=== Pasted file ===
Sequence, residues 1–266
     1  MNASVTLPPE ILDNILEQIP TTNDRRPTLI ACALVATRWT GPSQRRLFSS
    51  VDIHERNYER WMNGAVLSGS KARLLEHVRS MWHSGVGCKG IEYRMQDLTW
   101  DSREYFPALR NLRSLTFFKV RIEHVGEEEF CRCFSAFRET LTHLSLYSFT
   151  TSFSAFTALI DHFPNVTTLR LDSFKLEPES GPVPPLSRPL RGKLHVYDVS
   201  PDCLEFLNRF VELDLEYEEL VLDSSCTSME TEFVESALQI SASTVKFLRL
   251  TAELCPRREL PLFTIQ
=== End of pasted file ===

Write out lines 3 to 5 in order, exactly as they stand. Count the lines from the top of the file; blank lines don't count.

    51  VDIHERNYER WMNGAVLSGS KARLLEHVRS MWHSGVGCKG IEYRMQDLTW
   101  DSREYFPALR NLRSLTFFKV RIEHVGEEEF CRCFSAFRET LTHLSLYSFT
   151  TSFSAFTALI DHFPNVTTLR LDSFKLEPES GPVPPLSRPL RGKLHVYDVS